At our standup, I always ask about blockers and impediments and sometimes this results in other members of the team offering help. Sometimes it turns into a rant which isn’t terrible but does encourage a defeatist attitude in the team. Currently we don’t have an impediment log as the team can’t see the value in it and I am not sure what purpose it serves outside of making a list of excuses for stuff being late.

How do others handle impediments and blockers reported at standups?

4 Answers 4


How do others handle impediments and blockers reported at standups?

If they are simple then the team decides on an approach in the standup.

If they are a little more complex, two or more members of the team may decide to have a separate discussion to go into the problem in more detail and then decide on an approach. This happens outside of the standup.

If they are complex and don't block progress in the current sprint then we bring them to the retrospective and look to find a solution there. If we don't find a solution in the retrospective we may escalate them to management.

The focus is always on finding solutions. By doing this we give the team members a feeling that things are getting better, even if not every problem gets solved immediately.


Keeping track of impediments and/or improvement opportunities is a good idea, but it's also a long-term solution.

At your standup, one of the priorities should be to identify blocked or impeded work and, as a team, make plans on how to get it unblocked and done. Using flow metrics, primarily looking at your SLEs or expected cycle time for work against the work item age is one way to find blocked work. Sometimes, the people on the team doing the work may find they are running into problems and can raise them. Since standups should be short, it's good to avoid ranting or trying to figure out long-term solutions.

I have found that having an improvement backlog is useful, and one thing on this improvement backlog can be impediments. Whenever something impedes work, add it to the list or mark that an impediment has occurred again. Use this list at your retrospectives or schedule frequently occurring impediments for root cause analysis. Decompose those impediments and consider other ideas for improvements and schedule time for the team to understand and make changes to their way of working to address them.

I do think it's important to separate things that are "just go do it" from work that needs to be understood and scheduled. The immediate steps to get blocked work done is "just go do it" work - there's no need to put it on a backlog or impediment list or anything else. But longer term improvements may need consideration to understand their impact or will require work from one or more people on the team to design and implement, so you'll want to plan those with all of the other work being done by the team.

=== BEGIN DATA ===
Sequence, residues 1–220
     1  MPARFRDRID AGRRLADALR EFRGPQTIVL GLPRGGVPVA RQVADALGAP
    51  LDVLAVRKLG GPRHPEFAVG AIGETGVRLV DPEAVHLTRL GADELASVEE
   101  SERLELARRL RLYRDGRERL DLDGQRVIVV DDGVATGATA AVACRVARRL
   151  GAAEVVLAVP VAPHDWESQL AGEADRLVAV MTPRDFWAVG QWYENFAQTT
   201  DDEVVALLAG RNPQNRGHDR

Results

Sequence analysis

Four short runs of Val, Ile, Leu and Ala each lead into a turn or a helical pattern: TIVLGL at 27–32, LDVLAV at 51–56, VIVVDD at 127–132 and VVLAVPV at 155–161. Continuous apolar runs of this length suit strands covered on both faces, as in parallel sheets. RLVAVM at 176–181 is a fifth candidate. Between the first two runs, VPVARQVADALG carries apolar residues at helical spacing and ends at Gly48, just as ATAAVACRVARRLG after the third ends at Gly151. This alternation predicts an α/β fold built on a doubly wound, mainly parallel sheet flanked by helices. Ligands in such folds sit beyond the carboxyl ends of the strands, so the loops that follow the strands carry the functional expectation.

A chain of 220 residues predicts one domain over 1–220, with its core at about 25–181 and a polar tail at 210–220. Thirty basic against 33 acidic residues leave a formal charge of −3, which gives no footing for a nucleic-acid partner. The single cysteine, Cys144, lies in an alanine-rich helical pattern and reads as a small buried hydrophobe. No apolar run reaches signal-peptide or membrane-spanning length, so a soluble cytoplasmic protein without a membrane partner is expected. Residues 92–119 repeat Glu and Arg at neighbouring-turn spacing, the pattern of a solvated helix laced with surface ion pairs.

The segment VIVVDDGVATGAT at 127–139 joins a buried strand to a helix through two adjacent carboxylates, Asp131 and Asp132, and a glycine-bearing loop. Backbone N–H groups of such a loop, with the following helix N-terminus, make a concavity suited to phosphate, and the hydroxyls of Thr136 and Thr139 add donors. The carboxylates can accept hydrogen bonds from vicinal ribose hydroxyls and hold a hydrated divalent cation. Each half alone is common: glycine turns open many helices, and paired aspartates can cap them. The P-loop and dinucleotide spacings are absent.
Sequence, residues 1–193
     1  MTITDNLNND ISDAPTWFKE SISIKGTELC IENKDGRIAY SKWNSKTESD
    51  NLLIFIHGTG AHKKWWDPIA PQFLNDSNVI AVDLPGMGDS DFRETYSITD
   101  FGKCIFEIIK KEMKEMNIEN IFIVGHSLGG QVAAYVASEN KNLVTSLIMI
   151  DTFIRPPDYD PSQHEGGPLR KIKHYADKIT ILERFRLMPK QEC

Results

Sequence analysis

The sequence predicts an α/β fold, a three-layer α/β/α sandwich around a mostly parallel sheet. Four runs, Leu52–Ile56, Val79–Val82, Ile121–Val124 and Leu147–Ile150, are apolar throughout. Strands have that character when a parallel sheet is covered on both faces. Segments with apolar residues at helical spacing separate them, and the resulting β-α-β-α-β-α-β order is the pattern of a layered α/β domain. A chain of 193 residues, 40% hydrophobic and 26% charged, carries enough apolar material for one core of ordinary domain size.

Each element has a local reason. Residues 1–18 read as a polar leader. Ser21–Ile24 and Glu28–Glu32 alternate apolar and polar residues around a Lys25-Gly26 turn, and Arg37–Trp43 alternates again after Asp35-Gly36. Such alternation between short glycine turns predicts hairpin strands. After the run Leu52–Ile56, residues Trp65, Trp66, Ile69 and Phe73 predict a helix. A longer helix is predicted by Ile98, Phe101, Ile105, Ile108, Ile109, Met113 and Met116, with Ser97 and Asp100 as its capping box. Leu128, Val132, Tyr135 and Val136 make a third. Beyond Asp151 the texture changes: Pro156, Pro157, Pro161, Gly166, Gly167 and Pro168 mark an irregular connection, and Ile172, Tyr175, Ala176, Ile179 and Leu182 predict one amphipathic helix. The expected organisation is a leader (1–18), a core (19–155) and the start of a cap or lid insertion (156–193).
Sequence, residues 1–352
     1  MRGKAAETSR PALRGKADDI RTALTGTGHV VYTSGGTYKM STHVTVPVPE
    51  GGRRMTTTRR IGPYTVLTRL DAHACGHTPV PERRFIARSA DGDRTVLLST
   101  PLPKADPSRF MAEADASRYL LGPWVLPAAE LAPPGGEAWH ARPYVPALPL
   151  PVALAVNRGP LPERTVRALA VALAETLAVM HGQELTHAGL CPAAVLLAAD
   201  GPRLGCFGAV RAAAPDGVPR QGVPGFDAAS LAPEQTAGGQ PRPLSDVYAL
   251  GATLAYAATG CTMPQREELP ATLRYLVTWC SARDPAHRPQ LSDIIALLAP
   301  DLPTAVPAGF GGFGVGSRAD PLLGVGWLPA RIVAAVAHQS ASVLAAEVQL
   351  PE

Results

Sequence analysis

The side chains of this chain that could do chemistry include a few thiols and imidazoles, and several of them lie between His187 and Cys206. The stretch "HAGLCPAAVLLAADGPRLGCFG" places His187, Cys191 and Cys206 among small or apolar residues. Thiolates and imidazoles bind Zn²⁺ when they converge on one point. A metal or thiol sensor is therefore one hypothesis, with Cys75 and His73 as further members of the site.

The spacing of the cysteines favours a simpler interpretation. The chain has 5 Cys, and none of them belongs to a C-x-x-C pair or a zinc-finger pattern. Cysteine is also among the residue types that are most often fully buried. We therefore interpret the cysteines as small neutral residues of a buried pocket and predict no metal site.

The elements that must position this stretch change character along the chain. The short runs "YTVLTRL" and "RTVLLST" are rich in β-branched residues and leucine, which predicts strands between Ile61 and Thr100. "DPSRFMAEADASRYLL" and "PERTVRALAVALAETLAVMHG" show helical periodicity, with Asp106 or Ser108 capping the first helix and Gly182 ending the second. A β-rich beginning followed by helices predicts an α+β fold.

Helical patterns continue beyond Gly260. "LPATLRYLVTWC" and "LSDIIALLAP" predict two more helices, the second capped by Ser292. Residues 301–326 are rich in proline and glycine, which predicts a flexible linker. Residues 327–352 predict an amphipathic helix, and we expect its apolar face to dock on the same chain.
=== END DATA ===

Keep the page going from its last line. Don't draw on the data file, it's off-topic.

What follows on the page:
If you don't act on finding and preventing root causes of impediments or considering and enacting improvements, then any impediment or improvement backlog is just waste.


The Daily Scrum is for Just-in-Time Planning and Coordination Between Developers

Currently we don’t have an impediment log as the team can’t see the value in it and I am not sure what purpose it serves outside of making a list of excuses for stuff being late.

There's no such thing as an "impediment log" in Scrum. I mean, you could have one if you really want to, but it's not an artifact that's part of the defined framework.

"Blockers and impediments" is really a holdover phrase from legacy versions of the Scrum Guide. The Daily Scrum is meant for the Developers to coordinate their work for the day, so the point is really to call out any required inputs or action items required for the Developers to do something with whatever part of the Sprint Backlog the Developers will be working on that day.

If Alice is planning to embiggen a widget today, but Bob hasn't finished checking the widget embiggener into source control yet, then this will impact the current day's plan. That's something that should be brought up, and either quickly addressed or a follow-up meeting after the Daily Scrum to discuss it should be planned.

Walking a task board, updating the Sprint Backlog in real time, pulling status on the Sprint Plan, or anything other than letting the Developers ask one another "How can we work together today to make progress towards the Sprint Goal?" should be noted for later discussion or action outside the Daily Scrum. As the Scrum Master, you should facilitate the team's focus on the goal of the event. You can even track items that need follow-up after the meeting or noting things worth discussing during the next Sprint Retrospective without interrupting the flow of the Daily Scrum; just remember that you're there in a faciliation/support role, and that the meeting is for the Developers and not for you.


I recommend sticking to the three questions at standup:

  1. What did you accomplish since last standup
  2. What do you plan to accomplish before next standup
  3. What are you blocked by

If someone tries to solution on the standup, I generally either say "I'll discuss this with after this call." if I don't want that person to be distracted from their own work and believe that I can resolve the blocker, or "Let's park that and discuss it after this call." if I do want or need their involvement.

More importantly, I recommend having a "Blocked" status in your project management tool's workflow, and monitoring that so that it doesn't always have to wait until standup. Active notifications are best, but at minimum checking for blockers an hour before standup can be beneficial.

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